Opinion: Bernard Hickey says the drive for a global Robin Hood Tax on financial transactions is building momentum that NZ can't ignore

Opinion: Bernard Hickey says the drive for a global Robin Hood Tax on financial transactions is building momentum that NZ can't ignore

By Bernard Hickey

Folk heroes become most popular in times of stress, particularly when the baddies seem to be winning.

There's no one seen as more heroic to working people than Robin Hood. He took from the evil Prince John and gave to the poor.

That's one reason, no doubt, why campaigners in Europe for a financial transactions tax call it the Robin Hood Tax.

If you want to find out more and have a laugh at the same time then google "Bill Nighy" and "Robin Hood Tax" to watch a Youtube video that was scripted by Richard Curtis of Four Weddings and a Funeral and BlackAdder fame. It's called 'The Banker'.

It was done as part of a grass roots campaign started just after the Lehman Brothers crisis in 2008 and the near meltdown of the global financial system.

The plan is for a tax of 0.05% or 0.1% to be paid on each financial transaction in wholesale bond, stock and foreign exchange markets. Estimates vary on how much could be raised, but most expect it could raise tens of billions of dollars in fresh revenues.

The idea has been around since the early 1970s and is also often called a Tobin Tax, named after economist James Tobin. See more here at Wikipedia.

Initially the Robin Hood tax idea didn't get much traction.

Bankers dismissed the idea immediately, as did many governments that were reluctant to stress the banks too much in the immediate aftermath of the Lehman crisis of late 2008 and early 2009. Britain and America still remain opposed to the idea.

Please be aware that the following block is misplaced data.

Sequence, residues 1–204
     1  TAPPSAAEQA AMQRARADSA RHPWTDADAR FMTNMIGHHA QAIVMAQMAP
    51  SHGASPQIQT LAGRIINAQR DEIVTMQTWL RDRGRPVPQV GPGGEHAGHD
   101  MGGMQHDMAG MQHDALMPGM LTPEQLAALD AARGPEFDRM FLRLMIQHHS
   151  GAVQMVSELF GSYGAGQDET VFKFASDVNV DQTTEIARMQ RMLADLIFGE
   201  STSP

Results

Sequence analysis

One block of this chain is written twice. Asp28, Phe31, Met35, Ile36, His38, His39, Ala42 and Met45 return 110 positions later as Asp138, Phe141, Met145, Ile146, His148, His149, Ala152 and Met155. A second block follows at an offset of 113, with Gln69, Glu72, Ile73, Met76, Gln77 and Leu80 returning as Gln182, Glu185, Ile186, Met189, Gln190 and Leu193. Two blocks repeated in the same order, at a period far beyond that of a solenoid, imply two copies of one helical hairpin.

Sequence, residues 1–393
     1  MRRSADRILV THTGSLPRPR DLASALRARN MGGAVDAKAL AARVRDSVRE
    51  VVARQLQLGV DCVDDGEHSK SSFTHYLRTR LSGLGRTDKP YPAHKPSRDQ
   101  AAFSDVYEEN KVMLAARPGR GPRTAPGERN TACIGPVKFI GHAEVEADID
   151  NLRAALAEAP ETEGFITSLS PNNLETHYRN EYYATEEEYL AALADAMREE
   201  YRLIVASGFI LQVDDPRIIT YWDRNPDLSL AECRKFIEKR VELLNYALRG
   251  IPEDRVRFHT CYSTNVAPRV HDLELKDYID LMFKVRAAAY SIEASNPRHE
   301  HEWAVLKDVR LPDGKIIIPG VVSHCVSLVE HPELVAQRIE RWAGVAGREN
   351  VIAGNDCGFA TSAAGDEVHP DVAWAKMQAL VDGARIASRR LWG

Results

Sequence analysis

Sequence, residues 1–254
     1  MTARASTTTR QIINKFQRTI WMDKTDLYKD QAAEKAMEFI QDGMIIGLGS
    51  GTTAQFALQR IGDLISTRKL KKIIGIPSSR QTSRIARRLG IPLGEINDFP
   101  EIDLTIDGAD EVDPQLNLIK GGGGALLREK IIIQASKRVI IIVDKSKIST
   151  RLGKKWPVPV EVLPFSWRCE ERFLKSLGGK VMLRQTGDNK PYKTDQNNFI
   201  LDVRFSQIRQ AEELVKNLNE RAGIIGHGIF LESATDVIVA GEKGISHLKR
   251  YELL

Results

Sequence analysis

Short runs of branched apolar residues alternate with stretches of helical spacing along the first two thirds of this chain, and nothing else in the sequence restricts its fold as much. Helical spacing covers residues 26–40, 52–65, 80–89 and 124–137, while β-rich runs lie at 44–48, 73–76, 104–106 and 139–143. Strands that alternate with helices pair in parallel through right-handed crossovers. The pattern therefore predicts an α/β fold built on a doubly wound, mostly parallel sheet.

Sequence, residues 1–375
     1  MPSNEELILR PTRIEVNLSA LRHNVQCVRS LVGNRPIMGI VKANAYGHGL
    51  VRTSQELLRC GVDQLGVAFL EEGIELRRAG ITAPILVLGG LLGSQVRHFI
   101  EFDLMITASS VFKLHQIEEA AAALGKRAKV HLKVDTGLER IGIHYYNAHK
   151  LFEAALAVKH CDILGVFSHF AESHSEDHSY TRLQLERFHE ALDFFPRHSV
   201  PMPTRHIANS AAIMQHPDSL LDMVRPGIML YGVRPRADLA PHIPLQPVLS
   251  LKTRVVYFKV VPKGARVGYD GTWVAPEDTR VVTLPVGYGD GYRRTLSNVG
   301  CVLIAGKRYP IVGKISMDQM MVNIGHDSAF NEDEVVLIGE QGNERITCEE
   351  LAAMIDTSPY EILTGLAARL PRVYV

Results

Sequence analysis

But the mood has changed this year as outrage has spread about how much taxpayers' money was used to bail out banks and how many of the bankers have sailed merrily along paying each other millions of dollars in bonuses while taking big risks with government guarantees.

Also, governments are becoming increasingly cash-strapped and voters have lost no love for the investment bankers that appear to have created so much mayhem on financial markets.

The concerted backing of the idea by France and Germany in recent months has given it a real push along. They are now pushing for a discussion of such a tax at the key G20 meeting in November.

This is where it gets interesting for New Zealand and Prime Minister John Key. A former currency trader, Key has also dismissed the idea as unworkable and not on the agenda.

But it could be on the agenda fairly soon. That's because Australia is a member of the G20 and Prime Minister Julia Gillard will attend the November meeting. She has already been lobbied by the head of the EU, which is pushing hard for such a tax.

The big problem with a Robin Hood tax is that all of the major financial centres will have to agree to impose it, or trade simply migrates to the country where the tax is not imposed.

Realistically, both Britain and America have to agree, which seems remote right now. But the public mood is turning ugly on both sides of the Atlantic as growth fails to fire and the realisation sets in that financial market volatility, often caused by heavy trading by hedge funds and banks, is a factor in the endless economic slump.

Even Bill Gates, again crowned the world's richest man, has recommended a Robin Hood Tax in a paper for the G20 that says it could raise US$48 billion. See more in The Guardian here.

Fiscal reality will also set in. Ultimately, a Robin Hood Tax is a great way to reduce budget deficits and reduce some of the risktaking on financial markets. It is also politically popular.

If Australia goes with the tax, then New Zealand would seem to have no choice but follow.

Robin Hood will be one folk hero to watch closely over the next year.